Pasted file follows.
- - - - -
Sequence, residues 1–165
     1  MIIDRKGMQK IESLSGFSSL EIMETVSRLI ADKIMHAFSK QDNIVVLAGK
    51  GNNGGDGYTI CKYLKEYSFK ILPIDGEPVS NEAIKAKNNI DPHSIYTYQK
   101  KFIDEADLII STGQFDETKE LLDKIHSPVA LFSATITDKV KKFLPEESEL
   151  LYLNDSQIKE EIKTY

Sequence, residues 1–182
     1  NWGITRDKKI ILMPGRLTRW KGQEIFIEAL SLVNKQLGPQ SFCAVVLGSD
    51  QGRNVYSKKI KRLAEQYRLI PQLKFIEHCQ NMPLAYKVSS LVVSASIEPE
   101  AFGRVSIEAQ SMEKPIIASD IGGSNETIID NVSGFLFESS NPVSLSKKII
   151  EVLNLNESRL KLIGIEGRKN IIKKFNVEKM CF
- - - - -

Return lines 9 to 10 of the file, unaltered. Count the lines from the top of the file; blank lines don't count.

   101  AFGRVSIEAQ SMEKPIIASD IGGSNETIID NVSGFLFESS NPVSLSKKII
   151  EVLNLNESRL KLIGIEGRKN IIKKFNVEKM CF